WASHINGTON — Eager to start campaigning for re-election next year, President Barack Obama isn’t waiting for the Republican Party to nominate a rival. He's running against Rep. Paul Ryan, R-Wis.
Obama professes to like Ryan, the 41-year-old chairman of the House Budget Committee. But in increasingly personal and pointed terms, Obama is attacking Ryan as the face of a Republican Party that he says would use the government's debt crisis to turn America in a radical new direction.
He's doing it for two key reasons. Obama wants to shift the public focus away from own contribution to the nation's skyrocketing debt — which hurt Democrats in the 2010 congressional elections — and onto the Republican Party's proposed solutions. And he wants to frame the election as a choice between two very different visions of America: The Republican one he calls a dark place for the poor and middle class, and the other his own view of a friendly, more utopian place.
Obama, his top advisers and fellow Democrats believe that Ryan handed them a gift when he proposed a budget plan that would cut taxes by $2 trillion over 10 years and also cut federal spending by $6.2 trillion, cuts which include possibly wrenching changes in the popular Medicare program.
Some Republicans think, however, that Obama already is overplaying his hand. His attacks on Ryan may make it harder for him to strike a bargain with congressional Republicans, and could alienate voters focused on the enormous debt problem. And he also could turn off independents who chafe at partisan warfare.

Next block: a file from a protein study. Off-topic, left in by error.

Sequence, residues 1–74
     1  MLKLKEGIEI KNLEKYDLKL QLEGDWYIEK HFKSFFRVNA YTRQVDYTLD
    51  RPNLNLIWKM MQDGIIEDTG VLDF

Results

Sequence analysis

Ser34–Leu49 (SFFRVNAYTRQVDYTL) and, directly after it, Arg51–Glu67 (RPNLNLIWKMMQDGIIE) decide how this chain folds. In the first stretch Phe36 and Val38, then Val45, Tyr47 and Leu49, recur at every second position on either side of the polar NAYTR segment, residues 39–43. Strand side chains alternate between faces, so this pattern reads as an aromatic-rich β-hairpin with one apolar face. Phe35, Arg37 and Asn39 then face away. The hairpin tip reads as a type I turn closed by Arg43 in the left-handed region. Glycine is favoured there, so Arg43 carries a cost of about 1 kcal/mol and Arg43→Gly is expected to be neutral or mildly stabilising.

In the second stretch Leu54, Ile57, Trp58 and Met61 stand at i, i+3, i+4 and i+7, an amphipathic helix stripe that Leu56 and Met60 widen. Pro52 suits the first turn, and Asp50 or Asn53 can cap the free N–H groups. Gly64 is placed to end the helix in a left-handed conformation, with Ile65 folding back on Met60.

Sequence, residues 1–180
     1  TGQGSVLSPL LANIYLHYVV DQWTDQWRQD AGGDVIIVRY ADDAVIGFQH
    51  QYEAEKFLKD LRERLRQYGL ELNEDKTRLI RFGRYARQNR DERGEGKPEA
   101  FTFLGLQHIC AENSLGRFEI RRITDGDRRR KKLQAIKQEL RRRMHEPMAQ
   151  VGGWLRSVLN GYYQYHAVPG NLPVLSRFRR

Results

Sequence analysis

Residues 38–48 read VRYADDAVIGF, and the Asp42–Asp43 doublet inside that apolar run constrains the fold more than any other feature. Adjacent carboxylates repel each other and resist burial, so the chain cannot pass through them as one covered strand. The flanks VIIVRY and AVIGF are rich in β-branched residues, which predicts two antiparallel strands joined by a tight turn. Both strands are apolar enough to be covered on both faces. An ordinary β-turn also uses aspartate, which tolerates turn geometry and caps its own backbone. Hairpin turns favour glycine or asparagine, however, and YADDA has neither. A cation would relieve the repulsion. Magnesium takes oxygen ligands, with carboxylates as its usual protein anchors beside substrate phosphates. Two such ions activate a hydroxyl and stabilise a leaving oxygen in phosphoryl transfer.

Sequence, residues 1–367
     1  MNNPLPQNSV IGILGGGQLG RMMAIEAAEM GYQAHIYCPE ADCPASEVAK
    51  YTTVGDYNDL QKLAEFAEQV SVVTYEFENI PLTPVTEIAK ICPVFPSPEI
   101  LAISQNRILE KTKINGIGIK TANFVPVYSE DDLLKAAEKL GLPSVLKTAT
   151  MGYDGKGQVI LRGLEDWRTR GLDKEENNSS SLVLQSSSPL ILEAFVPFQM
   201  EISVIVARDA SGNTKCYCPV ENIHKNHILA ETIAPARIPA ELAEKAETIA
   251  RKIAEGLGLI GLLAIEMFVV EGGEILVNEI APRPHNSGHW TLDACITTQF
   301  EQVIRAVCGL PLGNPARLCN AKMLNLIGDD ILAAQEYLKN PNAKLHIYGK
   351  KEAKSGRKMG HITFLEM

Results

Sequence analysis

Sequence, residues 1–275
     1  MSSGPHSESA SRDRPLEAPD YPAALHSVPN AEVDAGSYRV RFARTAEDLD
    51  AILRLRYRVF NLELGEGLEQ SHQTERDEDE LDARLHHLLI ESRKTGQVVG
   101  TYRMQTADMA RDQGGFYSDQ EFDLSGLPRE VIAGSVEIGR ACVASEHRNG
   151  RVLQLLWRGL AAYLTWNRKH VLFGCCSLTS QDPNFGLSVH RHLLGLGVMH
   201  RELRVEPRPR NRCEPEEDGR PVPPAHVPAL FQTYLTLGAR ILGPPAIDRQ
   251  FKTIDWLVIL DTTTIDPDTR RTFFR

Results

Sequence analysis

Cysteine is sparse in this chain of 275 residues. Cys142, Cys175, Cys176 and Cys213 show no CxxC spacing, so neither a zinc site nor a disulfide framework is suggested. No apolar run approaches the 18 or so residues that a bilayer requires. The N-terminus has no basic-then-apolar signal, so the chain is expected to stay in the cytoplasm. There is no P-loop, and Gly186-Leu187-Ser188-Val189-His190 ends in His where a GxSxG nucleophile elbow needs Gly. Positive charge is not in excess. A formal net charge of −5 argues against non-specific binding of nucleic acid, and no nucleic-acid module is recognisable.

Either way, it’s Obama versus Ryan for the foreseeable future.
"This is the beginning of a year-and-a-half argument about how to save the country's economy," said Peter Brown, assistant director of the Polling Institute at Quinnipiac University in Connecticut.
Obama all but dared the Republicans to go first, signaling that he thought it foolhardy for him to make the first move in proposing specifics on big, long-term budget changes.
"This is not a matter of you go first or I go first," he said when he rolled a budget proposal in February that did not propose any substantial debt-reduction.
"If you look at the history of how these deals get done, typically it’s not because there’s an Obama plan out there; it’s because Democrats and Republicans are both committed to tackling this issue in a serious way."
Obama let Ryan go first. The Wisconsin congressman unveiled his budget blueprint in early April.
The White House said it didn't like it, and Democrats quietly started keeping track of which potential 2012 Republican presidential candidates endorsed the plan.
"I applaud Rep. Paul Ryan," said former Massachusetts Gov. Mitt Romney, a likely candidate. "Anyone who has read my book knows that we are on the same page."
Romney’s endorsement was noted in the White House, and stored away for later use.
Two months after Obama said there was no need to have an "Obama plan out there," the president announced that he'd give a major speech outlining his long-term budget ideas. Aides said he'd always planned it, that he wasn’t just responding to Ryan.
With Ryan sitting in the audience as an invited guest at George Washington University near the White House, Obama didn't just propose his own plan — he launched his first broadside at Ryan's plan.